As the third customer of the night pulled his trousers up before sticking his hand in his pocket for some change Mary let go of her skirt, which fell to cover her legs. She took the money and counted up how much she had made that night. She was weeks behind on her rent, but this should placate her landlord’s rent collector for the week, and buy her some food; enough to last her a few days at least. So now she set off back to her room in the doss-house she was living in, walking the familiar streets where everybody knew her; unless they were in the company of other people, in which case they treated her as a pariah, those same men who paid for her services one night shunning her the next. The hypocrisy of her clients disgusted Mary, the way they were all polite and kind until they had what they wanted and then suddenly reverted to the righteous whore-haters one had to be seen to be to be respected. Did it never occur to them that a whore could only be a whore if there was a customer willing to buy her, and that even the diseases that whores were accused of spreading had to have been given to them by somebody in the first place?
Mary Kelly sped up as she walked home. As she walked she couldn’t shake the feeling that someone was following her, but when she looked around she could see nobody. She knew it was probably all in her imagination, her exhausted mind playing tricks on her; she was very tired and she was always on edge these days, knowing that the killer whom the press had dubbed ‘Jack the Ripper’ prowled these streets and that he favoured prostitutes like herself, or at the very least any woman who looked like a prostitute, to select as victims for ‘ripping’. Nevertheless she walked faster hoping that increasing her pace, together with the comforting knowledge that she would be home soon, would ease her anxiety.
Whitechapel wasn’t the safest or homeliest place to be anyway; a minimum of one murder a day made for an edgy and frightened populace. It made Mary shudder just to think of those other women, especially as the police had proved themselves utterly powerless to locate the killer so a judge could order him to the gallows. Mary wasn’t one for wanting people to suffer for whatever misdeeds they had done, no matter how angry she became at them. She knew that after the life she had had, such thoughts of revenge would eat her alive – cast out by her family, and since her husband had died both her potential suitors had been abusive and cruel, and the less said about the rough drunks that made up a large proportion of her ‘customers’ the better. No… criminals needed to be taken away so that they couldn’t hurt people, and after that Mary had little interest in what happened to them, although she didn’t wish hurt and retribution upon them just for the sake of it.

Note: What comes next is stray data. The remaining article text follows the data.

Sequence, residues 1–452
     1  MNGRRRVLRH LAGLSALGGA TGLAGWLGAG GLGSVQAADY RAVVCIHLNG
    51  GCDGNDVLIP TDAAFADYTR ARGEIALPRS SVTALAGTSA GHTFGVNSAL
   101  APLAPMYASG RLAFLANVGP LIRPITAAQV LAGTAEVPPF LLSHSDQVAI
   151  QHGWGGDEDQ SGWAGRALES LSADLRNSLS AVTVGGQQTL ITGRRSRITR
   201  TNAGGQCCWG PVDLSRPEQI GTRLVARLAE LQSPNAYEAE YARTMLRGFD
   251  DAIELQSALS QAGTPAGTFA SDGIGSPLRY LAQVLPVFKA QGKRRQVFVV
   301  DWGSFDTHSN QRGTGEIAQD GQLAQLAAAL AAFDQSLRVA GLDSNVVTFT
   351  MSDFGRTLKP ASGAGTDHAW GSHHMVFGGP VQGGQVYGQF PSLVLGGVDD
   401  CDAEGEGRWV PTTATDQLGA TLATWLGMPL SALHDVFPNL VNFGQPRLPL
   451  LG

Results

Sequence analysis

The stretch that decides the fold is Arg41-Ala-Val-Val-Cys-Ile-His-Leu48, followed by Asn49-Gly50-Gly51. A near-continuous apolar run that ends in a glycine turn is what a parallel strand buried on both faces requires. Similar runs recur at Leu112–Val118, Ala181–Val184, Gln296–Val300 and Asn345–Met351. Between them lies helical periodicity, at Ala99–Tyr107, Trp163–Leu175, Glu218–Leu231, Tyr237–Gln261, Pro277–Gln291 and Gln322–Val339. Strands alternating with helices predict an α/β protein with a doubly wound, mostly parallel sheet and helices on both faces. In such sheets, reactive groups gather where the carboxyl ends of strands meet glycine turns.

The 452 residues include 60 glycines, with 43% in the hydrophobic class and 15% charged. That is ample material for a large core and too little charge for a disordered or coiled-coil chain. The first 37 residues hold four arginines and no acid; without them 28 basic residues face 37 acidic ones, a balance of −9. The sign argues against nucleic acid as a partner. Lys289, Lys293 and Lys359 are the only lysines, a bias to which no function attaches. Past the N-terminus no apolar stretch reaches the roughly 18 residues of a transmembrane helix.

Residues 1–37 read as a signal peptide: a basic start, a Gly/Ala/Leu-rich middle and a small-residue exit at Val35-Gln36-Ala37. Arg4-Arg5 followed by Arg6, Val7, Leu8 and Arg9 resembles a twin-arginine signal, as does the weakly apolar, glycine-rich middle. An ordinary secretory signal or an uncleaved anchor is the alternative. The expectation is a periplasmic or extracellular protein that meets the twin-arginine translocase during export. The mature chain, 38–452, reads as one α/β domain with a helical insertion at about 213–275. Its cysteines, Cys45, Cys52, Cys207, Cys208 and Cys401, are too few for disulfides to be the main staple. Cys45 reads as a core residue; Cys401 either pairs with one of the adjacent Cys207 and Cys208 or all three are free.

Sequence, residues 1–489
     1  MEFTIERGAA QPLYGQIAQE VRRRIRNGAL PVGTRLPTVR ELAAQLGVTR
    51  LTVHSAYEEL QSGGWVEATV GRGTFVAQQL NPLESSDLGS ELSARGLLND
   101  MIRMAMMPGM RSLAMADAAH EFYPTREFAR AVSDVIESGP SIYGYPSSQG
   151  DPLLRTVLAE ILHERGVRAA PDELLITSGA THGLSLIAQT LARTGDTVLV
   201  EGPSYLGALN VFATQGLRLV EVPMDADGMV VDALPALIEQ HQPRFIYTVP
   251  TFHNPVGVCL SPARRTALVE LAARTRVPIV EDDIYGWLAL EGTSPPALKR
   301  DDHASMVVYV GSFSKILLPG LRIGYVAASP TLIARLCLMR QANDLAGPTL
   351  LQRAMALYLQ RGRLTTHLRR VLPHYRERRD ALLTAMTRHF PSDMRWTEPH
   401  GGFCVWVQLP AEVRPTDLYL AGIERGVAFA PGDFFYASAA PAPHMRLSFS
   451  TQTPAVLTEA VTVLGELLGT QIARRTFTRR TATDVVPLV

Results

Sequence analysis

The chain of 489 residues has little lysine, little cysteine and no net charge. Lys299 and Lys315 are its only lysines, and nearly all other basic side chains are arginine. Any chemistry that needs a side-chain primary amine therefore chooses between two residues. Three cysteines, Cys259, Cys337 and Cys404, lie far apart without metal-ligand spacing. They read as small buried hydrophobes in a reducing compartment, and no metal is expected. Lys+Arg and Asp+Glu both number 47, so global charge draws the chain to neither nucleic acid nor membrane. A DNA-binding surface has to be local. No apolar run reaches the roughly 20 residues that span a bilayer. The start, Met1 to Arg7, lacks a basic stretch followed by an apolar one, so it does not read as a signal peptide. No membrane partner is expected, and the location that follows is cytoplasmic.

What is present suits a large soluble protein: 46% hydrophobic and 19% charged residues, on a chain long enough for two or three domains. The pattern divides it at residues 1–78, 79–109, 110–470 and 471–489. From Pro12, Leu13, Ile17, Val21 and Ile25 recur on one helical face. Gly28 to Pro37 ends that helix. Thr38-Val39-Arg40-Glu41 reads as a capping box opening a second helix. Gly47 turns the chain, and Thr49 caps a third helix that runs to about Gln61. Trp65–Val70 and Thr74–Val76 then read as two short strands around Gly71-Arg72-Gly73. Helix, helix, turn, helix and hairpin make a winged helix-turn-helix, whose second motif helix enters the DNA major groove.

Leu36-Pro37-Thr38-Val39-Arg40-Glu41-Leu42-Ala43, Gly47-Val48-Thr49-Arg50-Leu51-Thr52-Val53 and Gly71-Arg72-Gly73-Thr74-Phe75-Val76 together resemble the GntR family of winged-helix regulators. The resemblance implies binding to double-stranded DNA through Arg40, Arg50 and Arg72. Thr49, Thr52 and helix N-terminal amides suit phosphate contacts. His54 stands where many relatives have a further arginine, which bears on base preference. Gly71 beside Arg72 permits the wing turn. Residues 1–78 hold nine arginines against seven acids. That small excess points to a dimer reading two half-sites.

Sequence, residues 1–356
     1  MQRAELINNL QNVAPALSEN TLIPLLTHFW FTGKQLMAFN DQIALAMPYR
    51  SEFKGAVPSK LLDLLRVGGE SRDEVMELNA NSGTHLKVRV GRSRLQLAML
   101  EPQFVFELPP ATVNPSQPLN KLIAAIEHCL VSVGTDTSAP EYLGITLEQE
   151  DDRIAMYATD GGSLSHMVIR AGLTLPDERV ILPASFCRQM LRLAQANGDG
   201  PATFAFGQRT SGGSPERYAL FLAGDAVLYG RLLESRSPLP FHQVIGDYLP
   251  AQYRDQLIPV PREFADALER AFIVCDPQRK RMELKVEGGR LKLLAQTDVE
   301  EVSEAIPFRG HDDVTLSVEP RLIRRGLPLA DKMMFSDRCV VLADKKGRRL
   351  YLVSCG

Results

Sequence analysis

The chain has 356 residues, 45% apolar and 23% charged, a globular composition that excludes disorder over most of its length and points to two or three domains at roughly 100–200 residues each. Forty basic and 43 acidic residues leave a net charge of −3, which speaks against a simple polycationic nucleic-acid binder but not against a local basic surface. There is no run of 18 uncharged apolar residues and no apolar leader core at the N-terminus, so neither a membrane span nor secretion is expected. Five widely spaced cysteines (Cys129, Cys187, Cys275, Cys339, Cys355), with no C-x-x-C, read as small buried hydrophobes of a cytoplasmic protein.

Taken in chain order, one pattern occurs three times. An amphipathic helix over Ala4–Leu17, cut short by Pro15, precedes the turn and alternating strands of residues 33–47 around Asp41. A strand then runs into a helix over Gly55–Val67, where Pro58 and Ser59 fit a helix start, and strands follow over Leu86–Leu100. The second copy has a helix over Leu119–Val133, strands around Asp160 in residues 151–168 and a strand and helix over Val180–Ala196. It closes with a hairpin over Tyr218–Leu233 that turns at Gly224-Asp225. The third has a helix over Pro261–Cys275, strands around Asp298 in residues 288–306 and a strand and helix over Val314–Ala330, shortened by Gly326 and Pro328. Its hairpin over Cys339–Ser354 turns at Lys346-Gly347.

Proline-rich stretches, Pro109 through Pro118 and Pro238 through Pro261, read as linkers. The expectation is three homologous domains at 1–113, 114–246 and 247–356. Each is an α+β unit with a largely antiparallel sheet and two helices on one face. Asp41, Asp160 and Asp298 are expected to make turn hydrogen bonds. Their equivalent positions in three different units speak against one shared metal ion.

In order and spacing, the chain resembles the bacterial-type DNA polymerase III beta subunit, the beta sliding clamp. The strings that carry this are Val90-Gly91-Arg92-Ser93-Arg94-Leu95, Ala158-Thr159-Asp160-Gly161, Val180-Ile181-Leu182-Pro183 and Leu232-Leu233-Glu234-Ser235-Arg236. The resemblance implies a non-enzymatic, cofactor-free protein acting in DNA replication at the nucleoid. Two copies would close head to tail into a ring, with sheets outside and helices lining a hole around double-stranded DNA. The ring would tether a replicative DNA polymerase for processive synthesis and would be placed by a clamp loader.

Mary had finished working just before one o’clock in the morning and had set off back to the room in the boarding house she was staying at after buying herself a meal and a bottle of porter. She had sixpence left in her purse after purchasing the food and she knew the rent collector, Tom Bowyer, would be around for his 4d early in the morning between seven and eight o’clock if she wanted to keep the room in the doss-house for another night.
Mary arrived home and let herself into her room. She took off her shawl, folded it and put it on the end of her bed, and ate her meal, before undressing herself and putting on her nightwear, and settling down to drink her bottle of ale while reading her book.
The beer washed down the fish and potatoes. It went down fast because of how dry her meal had been: she had been given fresher food when she had spent a night in a police cell, when a copper had stumbled across her selling herself while she was being fucked up against a wall. The beer went to her head, and Mary didn’t plan on staying up long. She was exhausted, and as soon as she finished her bottle of beer she put the book down, after putting a piece of paper torn from a letter in it to mark the place.
She blew out the candles on the rotten wooden table that passed for a bureau in here and settled down to sleep, with her clothes folded neatly on her chair, at just before two o’clock in the morning.
Just as Mary was dozing off to sleep she was woken up abruptly. She heard a noise at the door and looked over. The door she had locked was wide open and a man stood in the doorway; except he didn’t look like any man Mary had seen before. His silhouette was outlined in the glare of the gaslights outside her room.
The man if you could call him that, was built stronger and wider than a horse and was almost as tall, well over six feet. His face had odd features, as though the muscles there thought they should be clinging to a skull of a different shape. When he smiled he looked like pure evil and his teeth formed fangs in his upper jaw.
Before Mary could scream for help the man-beast-thing had leapt across the room and landed squarely on top of her. The beast’s right hand covered her mouth and she felt the searing pain of her throat being penetrated by sharp canine teeth. She felt the beast’s left hand reach into her nightshirt and his claws tear into her breast.